19. Aguirre V, Werner ED, Giraud J, Lee Y, Shoelson SE, White MF. Phosphorylation of Ser307 in insulin receptor substrate-1 blocks interactions with the insulin receptor and inhibits insulin action. J Biol Chem. 2002;277:1531–7.View ArticleGoogle Scholar
  20. Zhande R, Mitchell JJ, Wu J, Sun XJ. Molecular mechanism of insulin-induced degradation of insulin receptor substrate 1. Mol Cell Biol. 2002;22:1016–26.View ArticleGoogle Scholar
  21. Tak YK, Naoghare PK, Kim BJ, Kim MJ, Lee ES, Song JM. High-content quantum dot-based subtype diagnosis and classification of breast cancer patients using hypermulticolor quantitative single cell imaging cytometry. Nano Today. 2012;7:231–44.View ArticleGoogle Scholar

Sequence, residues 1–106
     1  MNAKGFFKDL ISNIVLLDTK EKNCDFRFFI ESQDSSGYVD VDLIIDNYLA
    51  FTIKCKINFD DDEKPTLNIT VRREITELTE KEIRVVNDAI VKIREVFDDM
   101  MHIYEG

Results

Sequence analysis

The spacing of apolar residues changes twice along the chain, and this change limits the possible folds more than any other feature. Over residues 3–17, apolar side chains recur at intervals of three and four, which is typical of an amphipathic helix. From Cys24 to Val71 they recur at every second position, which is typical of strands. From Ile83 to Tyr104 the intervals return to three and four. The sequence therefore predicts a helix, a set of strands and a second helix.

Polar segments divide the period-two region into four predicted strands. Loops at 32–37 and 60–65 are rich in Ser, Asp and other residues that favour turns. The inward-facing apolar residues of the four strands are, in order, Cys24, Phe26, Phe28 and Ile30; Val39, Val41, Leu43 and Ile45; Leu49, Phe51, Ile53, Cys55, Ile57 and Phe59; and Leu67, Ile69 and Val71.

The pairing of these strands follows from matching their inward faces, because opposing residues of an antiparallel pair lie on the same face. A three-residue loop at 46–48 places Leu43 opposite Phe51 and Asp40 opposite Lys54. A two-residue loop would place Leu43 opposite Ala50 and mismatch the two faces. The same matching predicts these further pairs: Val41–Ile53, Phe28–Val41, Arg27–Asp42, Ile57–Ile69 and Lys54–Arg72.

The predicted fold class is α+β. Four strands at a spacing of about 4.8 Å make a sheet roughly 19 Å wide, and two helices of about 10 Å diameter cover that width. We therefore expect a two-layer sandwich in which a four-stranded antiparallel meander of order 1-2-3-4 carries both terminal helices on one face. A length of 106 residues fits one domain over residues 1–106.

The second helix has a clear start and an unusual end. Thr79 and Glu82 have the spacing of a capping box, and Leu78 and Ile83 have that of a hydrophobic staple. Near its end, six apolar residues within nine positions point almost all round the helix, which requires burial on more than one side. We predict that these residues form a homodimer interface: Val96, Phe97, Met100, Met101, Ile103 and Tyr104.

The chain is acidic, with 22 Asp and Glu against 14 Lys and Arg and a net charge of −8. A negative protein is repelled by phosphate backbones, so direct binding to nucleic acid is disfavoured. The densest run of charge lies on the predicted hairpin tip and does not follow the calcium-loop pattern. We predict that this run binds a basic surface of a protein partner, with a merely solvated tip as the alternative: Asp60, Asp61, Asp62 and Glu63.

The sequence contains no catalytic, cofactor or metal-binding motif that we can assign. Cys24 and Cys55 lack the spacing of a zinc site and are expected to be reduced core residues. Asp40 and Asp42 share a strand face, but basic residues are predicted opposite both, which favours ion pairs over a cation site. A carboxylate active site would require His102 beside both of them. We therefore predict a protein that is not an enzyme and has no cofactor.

22. Kim JA, Han E, Eun CJ, Tak YK, Song JM. Real-time concurrent monitoring of apoptosis, cytosolic calcium, and mitochondria permeability transition for hypermulticolor high-content screening of drug-induced mitochondrial dysfunction-mediated hepatotoxicity. Toxicol Lett. 2012;214:175–81.View ArticleGoogle Scholar
  23. Tak YK, Naoghare PK, Han E, Song JM. VEGF inhibitor (Iressa) arrests histone deacetylase expression: single-cell cotransfection imaging cytometry for multi-target-multi-drug analysis. J Cell Physiol. 2011;226:2115–22.View ArticleGoogle Scholar


© Kim et al.; licensee BioMed Central. 2015

This is an Open Access article distributed under the terms of the Creative Commons Attribution License (, which permits unrestricted use, distribution, and reproduction in any medium, provided the original work is properly credited. The Creative Commons Public Domain Dedication waiver ( applies to the data made available in this article, unless otherwise stated.